Many home security alarm kits come with motion and inertial sensors. If you haven’t used them before, you may wonder what the benefit of having them placed around your house is. On this page, we’ll explore how they work and why their place in home security alarm kits is well-earned. You can check Life Shield for more professional services for home security sensors.
What are Motion and Inertial Sensors?
Motion and inertial sensors are a part of home security alarm kits, though the former is more often included than the latter. They’re used to help detect when someone is either in your house or may be trying to gain access to it.
There are two main types of motion sensors; active and passive, though both may be combined in a single device.
Active Sensors: “Active” or radar-based sensors send out waves of energy, known as microwaves, and then “read” how the waves bounce back. Similar technology is used by police officers when they use a radar gun to check someone’s speed, by air-traffic control when they’re watching the skies, by weathermen keeping an eye on storms, and even by medical professionals when they use sonographic equipment to check on a developing baby. The sensors know when something in the room is moving because the signals returning change.
Passive Sensors: There are a couple types of “passive” sensors commonly used. Passive infrared (PIR) motion detectors, for example, search for infrared energy (aka heat) changes. A PIR detector won’t signal a change if a room warms up from the sun shining through a window, but it will recognize that a person has walked past it.
The concept makes use of pyro-electric sensors which generate energy when exposed to heat. Living beings (humans, pets, and wild animals) naturally give off heat/ infrared radiation.
Photo sensor motion detection units are a second common type of passive sensors. They’re like what you’d see in spy movies. A simple beam of light or laser shines across a space to a receiver. When something breaks that connection, it signals that the area has been breached.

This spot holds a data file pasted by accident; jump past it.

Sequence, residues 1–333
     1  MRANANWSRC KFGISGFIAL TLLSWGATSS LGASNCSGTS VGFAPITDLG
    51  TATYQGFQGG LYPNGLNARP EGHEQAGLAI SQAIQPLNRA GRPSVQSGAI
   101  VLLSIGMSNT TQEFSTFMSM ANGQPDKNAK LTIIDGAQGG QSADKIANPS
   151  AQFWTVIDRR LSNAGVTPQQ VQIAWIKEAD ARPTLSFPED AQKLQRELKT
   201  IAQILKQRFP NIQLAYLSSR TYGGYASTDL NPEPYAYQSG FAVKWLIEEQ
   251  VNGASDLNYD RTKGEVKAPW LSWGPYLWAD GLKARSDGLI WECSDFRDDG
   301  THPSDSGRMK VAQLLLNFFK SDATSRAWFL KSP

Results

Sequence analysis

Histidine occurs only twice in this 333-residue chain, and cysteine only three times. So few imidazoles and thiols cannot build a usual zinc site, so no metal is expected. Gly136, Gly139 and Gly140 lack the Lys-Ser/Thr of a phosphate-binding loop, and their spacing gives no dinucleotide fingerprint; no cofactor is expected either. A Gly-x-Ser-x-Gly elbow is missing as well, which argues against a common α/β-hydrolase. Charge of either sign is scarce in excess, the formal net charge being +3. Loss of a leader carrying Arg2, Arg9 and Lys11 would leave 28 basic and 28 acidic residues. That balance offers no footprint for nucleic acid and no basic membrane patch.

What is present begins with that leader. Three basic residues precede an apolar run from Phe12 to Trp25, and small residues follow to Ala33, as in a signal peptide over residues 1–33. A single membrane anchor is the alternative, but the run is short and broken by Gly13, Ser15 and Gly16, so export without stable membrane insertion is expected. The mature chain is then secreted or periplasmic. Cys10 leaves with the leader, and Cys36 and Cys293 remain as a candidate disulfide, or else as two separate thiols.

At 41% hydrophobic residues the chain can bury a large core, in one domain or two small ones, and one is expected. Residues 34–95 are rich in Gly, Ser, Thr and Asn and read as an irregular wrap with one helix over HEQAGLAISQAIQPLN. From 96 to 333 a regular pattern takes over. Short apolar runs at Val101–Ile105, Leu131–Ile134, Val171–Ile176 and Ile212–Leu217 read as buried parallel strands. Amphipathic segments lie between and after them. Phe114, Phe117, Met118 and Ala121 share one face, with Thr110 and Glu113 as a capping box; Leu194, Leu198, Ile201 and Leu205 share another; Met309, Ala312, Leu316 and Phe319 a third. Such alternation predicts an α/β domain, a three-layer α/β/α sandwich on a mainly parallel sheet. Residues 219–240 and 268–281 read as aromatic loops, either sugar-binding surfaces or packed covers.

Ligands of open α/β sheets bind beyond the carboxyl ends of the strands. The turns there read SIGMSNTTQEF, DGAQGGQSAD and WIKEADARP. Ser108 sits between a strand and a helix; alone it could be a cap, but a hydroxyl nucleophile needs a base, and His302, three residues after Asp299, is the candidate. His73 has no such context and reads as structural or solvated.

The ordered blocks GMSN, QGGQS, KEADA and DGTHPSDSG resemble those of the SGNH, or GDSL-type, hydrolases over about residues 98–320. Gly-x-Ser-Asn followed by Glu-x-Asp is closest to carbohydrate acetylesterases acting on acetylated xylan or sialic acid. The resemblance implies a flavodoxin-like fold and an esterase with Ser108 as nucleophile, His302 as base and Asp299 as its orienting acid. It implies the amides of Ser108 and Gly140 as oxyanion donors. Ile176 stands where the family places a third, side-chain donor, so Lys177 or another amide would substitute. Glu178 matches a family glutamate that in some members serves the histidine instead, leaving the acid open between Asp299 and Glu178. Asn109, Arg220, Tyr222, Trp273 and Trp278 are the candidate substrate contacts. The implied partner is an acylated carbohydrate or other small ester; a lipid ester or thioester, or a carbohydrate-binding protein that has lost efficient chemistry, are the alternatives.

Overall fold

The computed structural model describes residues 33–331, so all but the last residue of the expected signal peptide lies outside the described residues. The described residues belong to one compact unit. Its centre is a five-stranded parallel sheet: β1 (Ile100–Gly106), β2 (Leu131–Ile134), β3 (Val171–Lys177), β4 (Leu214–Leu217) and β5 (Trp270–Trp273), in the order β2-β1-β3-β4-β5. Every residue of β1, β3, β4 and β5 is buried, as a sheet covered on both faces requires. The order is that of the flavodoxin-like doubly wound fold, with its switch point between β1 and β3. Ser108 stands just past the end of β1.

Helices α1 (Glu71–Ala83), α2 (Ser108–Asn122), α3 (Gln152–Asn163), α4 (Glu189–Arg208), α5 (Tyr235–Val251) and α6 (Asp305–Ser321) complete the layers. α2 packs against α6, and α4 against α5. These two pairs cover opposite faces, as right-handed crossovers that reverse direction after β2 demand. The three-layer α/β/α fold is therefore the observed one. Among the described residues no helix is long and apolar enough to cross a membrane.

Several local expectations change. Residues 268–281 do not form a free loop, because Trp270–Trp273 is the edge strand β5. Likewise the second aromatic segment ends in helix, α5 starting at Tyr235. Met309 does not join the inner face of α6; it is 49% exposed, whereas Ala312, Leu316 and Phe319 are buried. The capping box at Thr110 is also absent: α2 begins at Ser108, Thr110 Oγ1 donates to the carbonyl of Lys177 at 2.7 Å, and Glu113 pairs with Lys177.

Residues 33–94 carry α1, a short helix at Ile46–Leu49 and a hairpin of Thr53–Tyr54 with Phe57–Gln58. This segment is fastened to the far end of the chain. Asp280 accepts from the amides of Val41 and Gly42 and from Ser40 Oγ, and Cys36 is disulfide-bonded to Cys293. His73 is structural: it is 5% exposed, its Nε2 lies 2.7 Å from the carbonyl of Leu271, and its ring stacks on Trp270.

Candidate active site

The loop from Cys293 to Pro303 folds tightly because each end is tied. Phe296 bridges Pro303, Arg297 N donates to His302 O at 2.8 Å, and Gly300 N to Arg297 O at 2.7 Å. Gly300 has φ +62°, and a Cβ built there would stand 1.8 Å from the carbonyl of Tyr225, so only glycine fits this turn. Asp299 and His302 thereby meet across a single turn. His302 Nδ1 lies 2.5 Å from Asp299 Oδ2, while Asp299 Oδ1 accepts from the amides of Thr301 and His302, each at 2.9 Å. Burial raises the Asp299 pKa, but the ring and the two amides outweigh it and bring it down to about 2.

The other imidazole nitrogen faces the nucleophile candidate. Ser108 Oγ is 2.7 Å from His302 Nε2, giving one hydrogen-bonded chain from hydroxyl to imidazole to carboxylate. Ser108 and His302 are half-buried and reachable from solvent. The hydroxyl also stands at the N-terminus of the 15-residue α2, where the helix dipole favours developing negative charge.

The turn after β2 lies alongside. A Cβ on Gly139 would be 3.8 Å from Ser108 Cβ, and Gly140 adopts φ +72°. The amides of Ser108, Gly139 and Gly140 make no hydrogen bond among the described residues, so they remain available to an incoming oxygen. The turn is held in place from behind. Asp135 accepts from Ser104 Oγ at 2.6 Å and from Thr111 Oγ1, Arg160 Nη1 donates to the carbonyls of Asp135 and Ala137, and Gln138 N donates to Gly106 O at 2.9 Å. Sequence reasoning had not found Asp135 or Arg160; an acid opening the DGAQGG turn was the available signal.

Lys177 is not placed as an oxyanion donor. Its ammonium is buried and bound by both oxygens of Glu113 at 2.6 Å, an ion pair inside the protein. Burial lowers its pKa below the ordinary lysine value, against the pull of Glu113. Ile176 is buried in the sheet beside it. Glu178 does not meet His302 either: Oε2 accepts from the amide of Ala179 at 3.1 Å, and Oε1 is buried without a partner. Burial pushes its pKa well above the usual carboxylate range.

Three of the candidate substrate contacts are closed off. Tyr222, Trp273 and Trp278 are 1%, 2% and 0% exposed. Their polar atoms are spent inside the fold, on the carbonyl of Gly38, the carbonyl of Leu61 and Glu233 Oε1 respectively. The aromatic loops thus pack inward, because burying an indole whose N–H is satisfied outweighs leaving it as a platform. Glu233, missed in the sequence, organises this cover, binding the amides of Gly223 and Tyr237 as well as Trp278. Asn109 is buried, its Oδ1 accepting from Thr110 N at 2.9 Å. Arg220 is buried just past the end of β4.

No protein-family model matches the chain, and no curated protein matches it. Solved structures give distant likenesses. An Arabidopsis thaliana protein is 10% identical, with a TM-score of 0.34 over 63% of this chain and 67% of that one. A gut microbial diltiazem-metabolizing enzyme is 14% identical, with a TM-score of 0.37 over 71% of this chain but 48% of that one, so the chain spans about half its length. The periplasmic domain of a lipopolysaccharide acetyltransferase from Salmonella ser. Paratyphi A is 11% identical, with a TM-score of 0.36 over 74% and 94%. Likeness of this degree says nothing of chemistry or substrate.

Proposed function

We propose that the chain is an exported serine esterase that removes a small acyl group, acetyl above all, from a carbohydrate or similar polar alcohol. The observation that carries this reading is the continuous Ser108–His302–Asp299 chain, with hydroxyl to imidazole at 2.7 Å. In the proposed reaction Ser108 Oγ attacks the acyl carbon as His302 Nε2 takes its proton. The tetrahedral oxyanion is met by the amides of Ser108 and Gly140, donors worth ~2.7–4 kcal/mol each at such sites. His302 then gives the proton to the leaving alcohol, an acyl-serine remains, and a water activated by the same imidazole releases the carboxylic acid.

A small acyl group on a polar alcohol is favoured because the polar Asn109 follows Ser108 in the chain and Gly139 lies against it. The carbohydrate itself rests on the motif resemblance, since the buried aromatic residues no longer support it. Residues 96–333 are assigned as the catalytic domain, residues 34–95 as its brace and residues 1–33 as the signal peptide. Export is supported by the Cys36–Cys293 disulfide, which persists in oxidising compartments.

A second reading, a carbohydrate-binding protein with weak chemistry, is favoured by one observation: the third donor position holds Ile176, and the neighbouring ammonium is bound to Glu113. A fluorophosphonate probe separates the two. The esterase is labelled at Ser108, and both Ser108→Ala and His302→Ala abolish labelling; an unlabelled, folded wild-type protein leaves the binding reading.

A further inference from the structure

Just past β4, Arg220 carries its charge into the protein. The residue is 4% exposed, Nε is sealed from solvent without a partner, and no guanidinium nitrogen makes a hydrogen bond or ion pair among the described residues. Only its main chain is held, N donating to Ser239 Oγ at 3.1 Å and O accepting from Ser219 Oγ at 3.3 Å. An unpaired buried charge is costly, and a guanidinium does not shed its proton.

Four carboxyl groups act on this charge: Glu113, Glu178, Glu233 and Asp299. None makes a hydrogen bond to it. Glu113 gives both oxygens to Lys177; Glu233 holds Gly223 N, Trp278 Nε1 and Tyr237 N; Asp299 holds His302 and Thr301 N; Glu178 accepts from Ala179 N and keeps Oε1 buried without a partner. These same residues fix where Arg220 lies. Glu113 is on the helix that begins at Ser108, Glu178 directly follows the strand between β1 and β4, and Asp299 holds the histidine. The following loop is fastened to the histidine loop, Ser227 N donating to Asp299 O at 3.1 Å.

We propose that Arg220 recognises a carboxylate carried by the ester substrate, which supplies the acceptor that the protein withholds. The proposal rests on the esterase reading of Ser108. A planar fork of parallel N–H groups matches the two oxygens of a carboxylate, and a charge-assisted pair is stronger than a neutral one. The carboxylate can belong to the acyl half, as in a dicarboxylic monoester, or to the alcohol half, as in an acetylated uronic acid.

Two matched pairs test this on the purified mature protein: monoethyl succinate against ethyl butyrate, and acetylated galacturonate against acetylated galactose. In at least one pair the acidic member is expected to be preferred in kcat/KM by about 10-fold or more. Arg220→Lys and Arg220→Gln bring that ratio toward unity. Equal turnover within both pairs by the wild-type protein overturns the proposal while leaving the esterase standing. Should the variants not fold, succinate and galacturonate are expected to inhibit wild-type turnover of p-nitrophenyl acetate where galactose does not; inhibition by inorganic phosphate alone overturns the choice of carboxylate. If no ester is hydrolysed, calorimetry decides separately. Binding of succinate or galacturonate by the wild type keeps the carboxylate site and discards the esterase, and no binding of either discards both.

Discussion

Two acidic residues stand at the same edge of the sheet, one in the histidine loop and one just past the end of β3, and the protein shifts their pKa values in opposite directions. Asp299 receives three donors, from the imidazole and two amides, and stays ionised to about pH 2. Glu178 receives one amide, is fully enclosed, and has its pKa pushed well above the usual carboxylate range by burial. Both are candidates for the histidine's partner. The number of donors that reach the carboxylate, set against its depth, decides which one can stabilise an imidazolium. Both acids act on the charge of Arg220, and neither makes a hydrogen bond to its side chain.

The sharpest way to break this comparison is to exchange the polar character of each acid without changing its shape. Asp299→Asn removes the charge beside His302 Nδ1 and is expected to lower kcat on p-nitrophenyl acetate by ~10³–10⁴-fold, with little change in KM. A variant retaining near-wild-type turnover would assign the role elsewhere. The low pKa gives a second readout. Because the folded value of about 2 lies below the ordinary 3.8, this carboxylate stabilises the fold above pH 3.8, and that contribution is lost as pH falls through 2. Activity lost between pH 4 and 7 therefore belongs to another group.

Dual Tech Sensors: No sensor is without fault. For example, common active options sometimes give off false alerts if curtains blow in the wind. PIR detectors sometimes have issues when there are air currents or things that rapidly change temperature in their coverage area, such as a boiler or radiator. Many newer motion sensors make use of both technologies in a single device; requiring both sensors to report an issue before an alarm is sounded.
Inertial sensors, also known as contact or shock sensors, are designed to catch vibrations which may signal movement. For example, they’re commonly found in gaming machines or pinball machines and sound off an alarm when someone tilts the machine to gain an edge. When it comes to those found in home security alarm kits, they’re typically designed to be installed on windows. That way, a would-be intruder will trigger an alarm if they’re shaking the window in an attempt to gain access.
Inertial sensors have their place and most-often get installed on ground-floor windows, but homeowners may get false alerts if they’re in a particularly windy area or have foliage near windows that may bump them even with light breezes. In situations where shock sensors aren’t ideal, glass-break ones are a good alternative. Although they won’t signal at the first rattle, they will pick up the signature sound of glass breaking and sound an alarm.
What Comes in Home Security Alarm Kits?
Every company has different “starter kits,” and you may be able to add components to frame out a custom setup for your house as well. That said, a good startup set should include at least one form of motion detector, and you’ll need to verify yours is pet-friendly if you have furry family members.
Most people place theirs in the main entry area of a home or in a hallway that someone would be likely to travel if they snuck in. Some people also add them to garages, which works well if you use a remote arm/ disarm component or don’t usually enter/exit through the garage. This is purely because most motion detectors are designed to trip the alarm immediately, versus giving you time to disarm the system first, though your particular unit may allow you to customize the response.
Why Use Motion and Inertial Sensors?
In short, it’s an added layer of protection. Although most burglars will be thwarted by the door and window alarms or glass breaking alarms, it’s theoretically possible to slip into a home without setting off one of these. Realistically, it would be more along the lines of a spy movie with someone carefully removing glass, cutting a hole in a wall to gain access, or slipping in through a crawl space or attic, it is “possible.”
With that in mind, these devices are a cost-effective way to ensure all the bases are covered and the house stays protected, no matter how a thief attempts to enter. They’re also beneficial when cross-zoning is applied. This particular alarm feature reduces false alarms by requiring two sensors to trip before signaling there’s a problem.